Stanford ophthalmologists might usher in a new use for modern day smartphones with low-cost devices that turn your communications device into an ‘eye-phone’, which might be confused by some to be the iPhone if it were not spelled out properly. Researchers at the Stanford University School of Medicine have come up with a couple of affordable adapters which would allow a smartphone to shoot high-quality images of the front and back of the eye. These adapters would make it a snap for anyone with minimal training to snap a photo of the eye, sharing it without any security worries with other health practitioners, or to stash it in the patient’s electronic record.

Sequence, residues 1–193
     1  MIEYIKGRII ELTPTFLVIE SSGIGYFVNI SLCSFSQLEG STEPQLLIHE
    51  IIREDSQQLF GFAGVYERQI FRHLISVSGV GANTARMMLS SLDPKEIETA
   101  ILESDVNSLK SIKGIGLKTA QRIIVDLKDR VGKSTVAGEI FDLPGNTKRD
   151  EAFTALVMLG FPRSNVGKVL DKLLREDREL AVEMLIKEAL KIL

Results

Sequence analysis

One of the developers, Dr. Robert Chang (as you can see on the right) have called it an “Instagram for the eye,” which is not too far from the truth, actually. This kind of technology could be the ideal opportunity to increase access to eye-care services, not to mention improve the ability for medical personnel to deliver advice on patient care in a remote fashion. The clever use of optics theory was implemented in order to determine the perfect working distance and lighting conditions for such a simple adapter to perform when hooking up a conventional examination lens to a smartphone. This makes us wonder – which smartphone’s camera would work best with such an idea? Of course, it would not be wise to use this for self-diagnostics, and it would also work great in developing countries and rural areas where it is nigh impossible to ship expensive equipment there.
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